Written by Cooper and Josh Singer, Maestro, much like Ferrari, prioritizes the couple’s intramural conflicts to the detriment of a far richer one Bernstein spells out halfway through, when he tells a reporter about the difference between composers and conductors, and how the tenuous equilibrium he sought to strike between the two realms inched close to a form of mental illness. Maestro, however, never yields a full sense of the scale and nature of its subject’s genius. Sure, Bernstein is occasionally seen working on his 1971 Mass, or gyrate atop a lectern in a late segment while conducting Mahler’s Second Symphony. Yet these brief interludes are closer to a Wikipedia checklist than genuine moments of transcendence, which Maestro strives to muster through Matthew Libatique’s ostentatious camerawork. Barely a few seconds in, and an overhead shot catapults us from the composer’s spartan flat all the way into Carnegie Hall. It’s a transition that unfurls as a single uninterrupted swoosh, designed to show us Bernstein was born to be on stage, that his life and music existed in the same space-time continuum. But the communion between man and craft is too mysterious for Maestro to capture.
That’s because Cooper cannot dramatize what he doesn’t know. To his credit, this is the hill so many artist biopics die on. Accounting for the act of creation demands something far bolder than what he’s concocted here; it would have required paying attention to the most ordinary details of Bernstein’s creative process, its minutiae, his routines (compare this with a recent film that managed: Kelly Reichardt’s luminous Showing Up ). Maestro isn’t interested in these details because the film is designed as an exercise in verisimilitude. Cooper’s nose (and the controversy it stirred in the weeks leading up to the premiere) is of a piece with his project’s overall gestalt: a faithful, if fundamentally airless, exhumation of a man whose inner life we’re never privy to. What we are treated to is a masterclass in mimicry. Cooper nails Bernstein’s baritone, his elocution, his extravagant mannerisms and elaborate cigarette sucking. His performance is effortful; one is never not aware of his thousand decisions about gestures and inflections. The conspicuous flaunting of technique is the reason why his work will probably slingshot him to the front seats of the awards race; it is also why Maestro feels doused in formaldehyde—not a resurrection, but a still life.
As the lights of the Sala Grande dimmed out for the world premiere of Sofia Coppola’s Priscilla, the credits revealed the film was based on its subject’s own 1985 memoir, Elvis and Me (which I knew), and that Priscilla Presley herself had served as one of its executive producers (which I didn’t). For a moment there I feared the worst—that the film would suffer the same creative castration that plagued the toothless Queen-backed Bohemian Rhapsody (2018). Just how piercing could its portrait of Elvis’s wife (and Elvis himself) ever be, when she herself had ostensibly supervised and informed the whole venture? A few minutes in, and the doubts began to fade away. Having not read the source text, I can’t corroborate Coppola’s insistence on the film’s alleged departures from it, but her script manages to conjure a scathing study of the megastar (Jacob Elordi) and one of Priscilla (Cailee Spaeny) that feels both three-dimensional and far more alive than anything Maestro crafted. That’s in large part because Coppola isn’t as hung up on authenticity. Her Priscilla is only nominally a reconstruction of the Presleys’ romance: we begin in 1959, when Elvis met his future wife, then fourteen years old, in West Germany, and end as she left Graceland over a decade later. But the biopic, while not imbued with the same hip sensibility of Marie Antoinette (2006), is still an impressionistic fable, one that foregrounds its anachronisms and liberties via sounds as well as images. When Elordi and Spaeny first kiss, Coppola scores the moment to a song that would only hit radios nine years later, Tommy Jones & The Shondells’ 1968 "Crimson and Clover."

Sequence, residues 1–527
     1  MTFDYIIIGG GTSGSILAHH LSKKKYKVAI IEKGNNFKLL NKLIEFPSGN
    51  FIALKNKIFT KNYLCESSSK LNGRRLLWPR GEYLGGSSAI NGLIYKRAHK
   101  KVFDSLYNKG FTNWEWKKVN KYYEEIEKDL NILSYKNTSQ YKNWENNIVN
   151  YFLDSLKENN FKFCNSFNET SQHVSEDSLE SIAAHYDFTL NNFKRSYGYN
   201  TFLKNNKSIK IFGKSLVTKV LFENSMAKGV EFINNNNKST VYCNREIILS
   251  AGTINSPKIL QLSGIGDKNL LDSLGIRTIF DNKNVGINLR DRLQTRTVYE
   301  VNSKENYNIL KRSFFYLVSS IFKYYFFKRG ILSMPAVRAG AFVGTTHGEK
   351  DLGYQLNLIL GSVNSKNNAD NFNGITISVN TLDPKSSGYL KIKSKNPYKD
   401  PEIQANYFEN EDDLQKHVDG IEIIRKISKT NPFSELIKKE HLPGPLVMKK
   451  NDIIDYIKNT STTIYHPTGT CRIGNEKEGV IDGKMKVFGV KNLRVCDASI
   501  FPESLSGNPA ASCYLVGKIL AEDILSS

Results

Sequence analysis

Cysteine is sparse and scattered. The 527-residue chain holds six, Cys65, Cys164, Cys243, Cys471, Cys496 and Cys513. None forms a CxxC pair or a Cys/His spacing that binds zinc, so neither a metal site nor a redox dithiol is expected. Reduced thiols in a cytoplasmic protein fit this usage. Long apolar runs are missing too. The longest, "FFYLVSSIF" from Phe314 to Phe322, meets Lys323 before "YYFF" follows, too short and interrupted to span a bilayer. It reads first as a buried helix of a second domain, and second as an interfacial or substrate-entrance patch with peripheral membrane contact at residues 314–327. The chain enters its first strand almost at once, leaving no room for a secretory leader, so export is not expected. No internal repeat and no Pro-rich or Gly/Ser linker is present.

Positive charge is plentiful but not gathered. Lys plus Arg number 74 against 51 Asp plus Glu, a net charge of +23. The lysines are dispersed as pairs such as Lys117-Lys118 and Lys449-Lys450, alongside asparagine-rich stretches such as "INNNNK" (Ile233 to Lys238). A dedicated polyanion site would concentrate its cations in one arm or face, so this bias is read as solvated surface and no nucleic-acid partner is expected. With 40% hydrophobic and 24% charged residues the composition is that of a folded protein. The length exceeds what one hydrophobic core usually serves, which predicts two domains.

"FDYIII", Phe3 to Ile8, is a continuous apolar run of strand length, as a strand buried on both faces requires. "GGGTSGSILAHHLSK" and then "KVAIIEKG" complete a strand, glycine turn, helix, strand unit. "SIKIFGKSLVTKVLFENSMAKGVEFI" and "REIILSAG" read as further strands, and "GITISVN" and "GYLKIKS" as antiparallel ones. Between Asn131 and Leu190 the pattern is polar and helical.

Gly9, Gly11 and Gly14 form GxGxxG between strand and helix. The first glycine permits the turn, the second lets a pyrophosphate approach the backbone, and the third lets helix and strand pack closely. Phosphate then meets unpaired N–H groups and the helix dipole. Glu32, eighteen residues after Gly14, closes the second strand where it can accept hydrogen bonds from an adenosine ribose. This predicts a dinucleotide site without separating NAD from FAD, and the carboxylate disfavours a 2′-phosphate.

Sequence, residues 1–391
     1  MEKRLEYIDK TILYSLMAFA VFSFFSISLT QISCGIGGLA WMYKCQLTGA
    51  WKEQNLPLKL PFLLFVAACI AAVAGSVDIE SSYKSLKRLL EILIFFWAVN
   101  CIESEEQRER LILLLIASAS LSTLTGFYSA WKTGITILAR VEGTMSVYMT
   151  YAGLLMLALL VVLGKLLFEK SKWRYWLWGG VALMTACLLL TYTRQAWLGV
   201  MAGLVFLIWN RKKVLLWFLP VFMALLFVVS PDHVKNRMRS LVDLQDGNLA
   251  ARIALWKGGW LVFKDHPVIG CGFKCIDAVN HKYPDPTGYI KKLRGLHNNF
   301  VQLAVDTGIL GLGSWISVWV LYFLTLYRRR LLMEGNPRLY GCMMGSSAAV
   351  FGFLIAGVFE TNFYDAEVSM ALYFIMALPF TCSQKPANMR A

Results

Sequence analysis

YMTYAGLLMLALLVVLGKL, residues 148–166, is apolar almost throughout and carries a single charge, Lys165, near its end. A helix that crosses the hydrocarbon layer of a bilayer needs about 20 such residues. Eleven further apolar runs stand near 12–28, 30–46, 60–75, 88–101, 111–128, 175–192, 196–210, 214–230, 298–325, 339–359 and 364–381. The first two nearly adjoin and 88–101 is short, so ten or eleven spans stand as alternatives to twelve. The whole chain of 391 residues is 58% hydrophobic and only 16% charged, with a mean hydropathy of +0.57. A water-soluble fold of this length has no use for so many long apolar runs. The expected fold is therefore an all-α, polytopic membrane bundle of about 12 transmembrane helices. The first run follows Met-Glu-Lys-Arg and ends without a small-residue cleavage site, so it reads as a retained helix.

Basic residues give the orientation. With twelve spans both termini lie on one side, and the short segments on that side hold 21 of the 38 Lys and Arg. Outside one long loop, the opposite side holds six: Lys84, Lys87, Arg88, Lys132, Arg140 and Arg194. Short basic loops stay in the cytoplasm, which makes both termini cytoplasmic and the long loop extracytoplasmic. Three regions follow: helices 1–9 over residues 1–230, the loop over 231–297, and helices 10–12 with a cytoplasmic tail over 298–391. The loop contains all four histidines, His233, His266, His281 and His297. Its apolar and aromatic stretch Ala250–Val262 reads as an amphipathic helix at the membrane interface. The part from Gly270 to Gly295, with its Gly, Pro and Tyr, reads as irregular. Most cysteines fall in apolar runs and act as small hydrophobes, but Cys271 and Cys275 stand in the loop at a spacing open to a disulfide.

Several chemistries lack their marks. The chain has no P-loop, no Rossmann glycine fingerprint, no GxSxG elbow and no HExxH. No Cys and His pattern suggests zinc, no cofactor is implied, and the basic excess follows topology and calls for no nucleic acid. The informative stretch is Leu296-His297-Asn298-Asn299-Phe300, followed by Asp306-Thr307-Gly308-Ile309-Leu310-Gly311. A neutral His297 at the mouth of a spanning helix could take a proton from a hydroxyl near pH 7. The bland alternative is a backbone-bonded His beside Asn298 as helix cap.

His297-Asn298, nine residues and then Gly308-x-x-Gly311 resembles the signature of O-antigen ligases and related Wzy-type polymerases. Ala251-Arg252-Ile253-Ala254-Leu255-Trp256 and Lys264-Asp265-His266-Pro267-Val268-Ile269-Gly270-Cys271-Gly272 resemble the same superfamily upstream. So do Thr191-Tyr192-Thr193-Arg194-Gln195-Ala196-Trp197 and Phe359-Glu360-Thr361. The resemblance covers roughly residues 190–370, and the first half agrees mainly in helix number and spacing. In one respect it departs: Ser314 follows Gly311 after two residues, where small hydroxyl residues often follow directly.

Elvis’s own hits are conspicuously absent. It’s telling that the only one Coppola selects should be heard at the twilight of his career, the King of Rock and Roll already caged in the Las Vegas Hilton Hotel. Even as Priscilla’s life was indissolubly tied to her husband’s, this remains her story, and the director imagines it as a twentieth-century Alice in Wonderland: a woman who entered Graceland as a child and left as an adult. Yes, Priscilla lived in her husband’s shadow, but Philippe Le Sourd’s cinematography locks Elvis into a constant penumbra; shrouded in the darkness of his mansion-mausoleum, Elordi is an eldritch presence not unlike Larraín’s Pinochet. A superficial reading might chide Priscilla for reducing its subject to a passive puppet, but these critiques say more of our misguided tendency to graft very twenty-first century preoccupations onto models of womanhood that simply had no room for them. And Spaeny’s Priscilla is hardly an ingenue. Even as a teenager, Coppola grants her a precocious understanding of Elvis’s suffocating specter—in a film’s early key juncture, she asks him not to attend her high school graduation, lest he detract from its purpose. It’s a subtle jibe, and subtlety is perhaps Priscilla’s greatest asset. There are no “big” moments here, no sensationalistic monologues where the young woman can unleash her rage. Sarah Flack’s editing makes ample use of fade outs, which turn the film into a series of hazy recollections. Classic as Priscilla may outwardly seem, it stands out as an invigorating example of all that one can achieve with the most formulaic of genres, a portrait that keeps spilling and growing well beyond its borders.